With October looming and temperatures around the UK plummeting over the past week, autumn is undeniably on its way. Diminishing sunlight and frosty mornings may be one side effect of the seasonal changes, but so is the fiery foliage decorating trees throughout the northern hemisphere at this time of the year.
While New England might lay claim to some of the world’s most spectacular autumn colours, there are plenty of other places to “leaf peep” and enjoy this most striking natural spectacle.
If you take your fall foliage seriously, Vermont is probably the ultimate bucket-list destination for those seeking the ultimate in autumnal splendour. Boasting first-class hiking trails, including the Appalachian Trail and the Long Trail, the US’s oldest long distance walking route, the Green Mountain State’s many forests and woodland is one of the best ways to spot some incredible colours. For those not keen on hiking, Balloon Vermont offers hot-air balloon rides over the lush mountains and forests below. Woodstock, Burlington and Grafton are all popular bases for exploring this verdant state.
Westonbirt Arboretum holds one of the most beautiful and important plant collections in the world, with over 2,500 species of tree from around the globe and 15,000 specimens. Famous for its autumn colours, this site includes a number of autumn walking trails, including those suitable for kids, pushchairs, wheelchairs and mobility scooters, ensuring everyone can admire full moon maples, western thimbleberries and common beech trees.
In addition to the annual springtime cherry blossom bloom, Japan also has an autumnal counterpart in the form of fall foliage. Similarly to the US, leaf colours begin to turn to shades of gold, red and yellow in northern Japan and work their way down with the changing weather. The Daisetsuzan National Park in Hokkaido is not only famous for being one of the country’s best hiking destinations, it’s also the perfect spot to admire the autumnal colours in a practice known as momiji gari. Visitors can appreciate the leaves around Mount Asahi, the tallest mountain in Hokkaido.
Białowieża Forest, Poland
The Poles are proud of their autumnal foliage, to the extent that it has an official title: The Polish Golden Autumn or Złota Polska Jesień. The Białowieża Forest, or Puszcza Białowieska, straddles the border between Poland and Belarus and is the last remaining primeval forest in lowland Europe. While much of the region is under strict protection and only accessible with the company of a guide, the Białowieża National Park includes many walking and cycling trails for visitors to enjoy this special place. The forest contains centuries old oak, elm and lime trees and is recognised by Unesco as a World Heritage Site.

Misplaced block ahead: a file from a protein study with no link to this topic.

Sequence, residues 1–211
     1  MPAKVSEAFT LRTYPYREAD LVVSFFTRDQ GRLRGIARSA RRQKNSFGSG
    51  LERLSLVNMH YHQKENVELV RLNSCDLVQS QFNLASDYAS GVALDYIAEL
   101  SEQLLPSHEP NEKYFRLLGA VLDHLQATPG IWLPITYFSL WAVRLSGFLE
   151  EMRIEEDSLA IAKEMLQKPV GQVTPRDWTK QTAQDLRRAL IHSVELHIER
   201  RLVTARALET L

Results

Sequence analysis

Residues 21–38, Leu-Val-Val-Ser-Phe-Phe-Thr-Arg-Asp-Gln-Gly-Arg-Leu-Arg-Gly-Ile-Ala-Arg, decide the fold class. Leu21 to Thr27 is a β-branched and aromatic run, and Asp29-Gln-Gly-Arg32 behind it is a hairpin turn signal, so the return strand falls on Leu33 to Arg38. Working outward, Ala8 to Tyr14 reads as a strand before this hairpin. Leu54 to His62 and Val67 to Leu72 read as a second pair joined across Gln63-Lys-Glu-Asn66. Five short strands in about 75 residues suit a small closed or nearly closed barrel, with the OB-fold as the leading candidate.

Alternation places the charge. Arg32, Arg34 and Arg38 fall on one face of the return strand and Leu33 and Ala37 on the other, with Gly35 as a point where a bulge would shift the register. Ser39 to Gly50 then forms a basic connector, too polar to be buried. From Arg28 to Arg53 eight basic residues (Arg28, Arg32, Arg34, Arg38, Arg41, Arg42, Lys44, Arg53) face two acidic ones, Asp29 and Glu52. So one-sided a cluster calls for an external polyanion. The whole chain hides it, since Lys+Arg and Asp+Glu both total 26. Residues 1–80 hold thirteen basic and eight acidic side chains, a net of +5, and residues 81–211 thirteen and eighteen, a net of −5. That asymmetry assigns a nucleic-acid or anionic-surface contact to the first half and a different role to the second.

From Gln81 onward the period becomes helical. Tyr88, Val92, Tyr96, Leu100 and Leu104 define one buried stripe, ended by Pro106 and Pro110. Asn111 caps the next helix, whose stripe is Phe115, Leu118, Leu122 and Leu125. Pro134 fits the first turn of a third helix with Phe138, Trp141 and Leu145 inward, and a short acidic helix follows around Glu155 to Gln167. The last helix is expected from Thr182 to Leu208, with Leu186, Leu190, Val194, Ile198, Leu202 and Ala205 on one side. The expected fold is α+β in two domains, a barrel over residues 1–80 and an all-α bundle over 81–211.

Carpathian Mountains, Romania
Those of an adventurous nature should visit the Carpathian Mountains in northern Romania for their fiery leaf fix. In addition to admiring the changing colours of the birch, oak, maple, acacia, larch and pine tree leaves, visitors can also enjoy bird watching, rock climbing, trekking, horse riding and little rainfall at this time of year. The Carpathian Mountain region is the highest mountain region in central Europe; it also includes the Oas-Harghita range, the longest volcanic mountain range in Europe.
Cape Breton Island, Canada
Trees cover almost 80 per cent of Nova Scotia, making it an excellent destination to admire the autumn leaves changing colour. On Cape Breton Island, an annual festival – Celtic Colours International Festival – takes place to coincide with the changing leaves, making this an ideal spot for lovers of Celtic and traditional music. The 185-mile Cabot Trail, which connects eight major communities on the island, is a scenic road named as one of the best road trips in the world by Lonely Planet and is an ideal way to admire the autumn leaves.
Known as Big Tree Country, Perthshire has many dramatic autumn colours at this time of year. The Hermitage, a National Trust for Scotland protected site, houses giant Douglas firs, which are among the tallest trees in the UK. Visitors can walk to the Black Linn Falls and stroll along the banks of the River Braan, where the sharp-eyed can spot salmon leaping up the falls to spawning grounds further up the river.
Forêt d’Orient, France
Located in the Champagne-Ardenne region of France, the Forêt d’Orient covers an area of 70,000 hectares and includes three lakes. Forests of hornbeam, oak and pine groves provide ample walking opportunities, while the 27th International Garden Festival takes place until 4 November in Chaumont, an hour’s drive away. Chaumont is also a direct train ride from Paris, making it an ideal option for a weekend break.
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